Headhunters recall country label struggle
Richard Young recalls how 1989 debut won them an audience they didn't want
Kentucky Headhunters frontman Richard Young has recalled their early image struggle after being labelled a country music band.
And he’s told how veteran pianist Johnnie Johnson decided to work with them in 2003 after playing just one song.
Pickin' on Nashville, the band’s 1989 debut, injected southern rock and blues into country radio, and went on to sell more than two million copies – but the exposure did them few favours long-term.
Young tells PostCrescent: “"I look back now and think how ridiculous it sounded to hear the Headhunters on country radio. It didn't make a lot of sense, it was so different. It sounded like a band from the 70s doing southern rock."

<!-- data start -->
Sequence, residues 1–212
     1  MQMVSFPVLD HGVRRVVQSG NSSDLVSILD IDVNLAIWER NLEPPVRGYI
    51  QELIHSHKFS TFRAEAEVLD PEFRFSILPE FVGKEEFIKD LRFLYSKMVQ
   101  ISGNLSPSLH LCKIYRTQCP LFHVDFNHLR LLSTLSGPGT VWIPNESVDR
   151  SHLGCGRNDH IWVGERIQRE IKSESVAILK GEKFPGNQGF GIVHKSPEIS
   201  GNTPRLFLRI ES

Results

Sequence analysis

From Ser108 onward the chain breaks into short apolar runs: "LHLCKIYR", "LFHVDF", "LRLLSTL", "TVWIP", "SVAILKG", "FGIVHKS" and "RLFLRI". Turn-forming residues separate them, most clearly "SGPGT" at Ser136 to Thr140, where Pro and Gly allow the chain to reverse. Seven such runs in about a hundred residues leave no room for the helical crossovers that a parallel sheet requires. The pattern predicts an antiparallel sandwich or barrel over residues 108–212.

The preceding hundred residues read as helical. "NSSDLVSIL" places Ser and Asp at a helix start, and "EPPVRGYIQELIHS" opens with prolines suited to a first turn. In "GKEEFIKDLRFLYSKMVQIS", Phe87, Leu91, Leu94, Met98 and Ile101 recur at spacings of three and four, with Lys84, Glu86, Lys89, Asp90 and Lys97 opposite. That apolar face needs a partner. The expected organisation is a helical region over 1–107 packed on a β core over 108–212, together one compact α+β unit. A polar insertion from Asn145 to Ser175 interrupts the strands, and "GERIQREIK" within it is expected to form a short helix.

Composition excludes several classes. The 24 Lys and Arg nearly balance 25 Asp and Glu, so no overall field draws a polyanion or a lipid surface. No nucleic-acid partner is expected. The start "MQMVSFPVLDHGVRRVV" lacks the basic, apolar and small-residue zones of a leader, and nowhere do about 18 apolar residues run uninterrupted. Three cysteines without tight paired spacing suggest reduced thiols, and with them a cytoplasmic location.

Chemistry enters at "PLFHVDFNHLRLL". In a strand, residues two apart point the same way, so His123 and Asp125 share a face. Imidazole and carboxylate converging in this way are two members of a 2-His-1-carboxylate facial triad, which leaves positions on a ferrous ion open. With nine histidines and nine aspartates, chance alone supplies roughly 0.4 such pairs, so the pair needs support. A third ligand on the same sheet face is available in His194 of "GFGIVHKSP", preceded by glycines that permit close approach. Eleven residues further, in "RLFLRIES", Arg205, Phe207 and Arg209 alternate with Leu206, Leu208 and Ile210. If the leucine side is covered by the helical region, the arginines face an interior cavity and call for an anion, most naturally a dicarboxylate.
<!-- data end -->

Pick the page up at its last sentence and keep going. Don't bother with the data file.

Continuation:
The band’s most recent release, Meet Me In Bluesland, was recorded with Chuck Berry sideman Johnson in 2003, but only released last month.
Young says: “It was surreal, man. Johnnie walked up and said, ‘I hear you boys made it in the country and western business. I’ve been playing country and western with Chuck Berry all my life. I want to make a blues-jazz album.’”
Johnson told them he’d play one song and that would decide whether he'd stick around. He chose Berry classic Little Queenie – which the band had been playing for years.
“We killed it,” Young recalls. “Johnnie stood up, lit a cigar and said, ‘Okay, I'm in the Headhunters.’”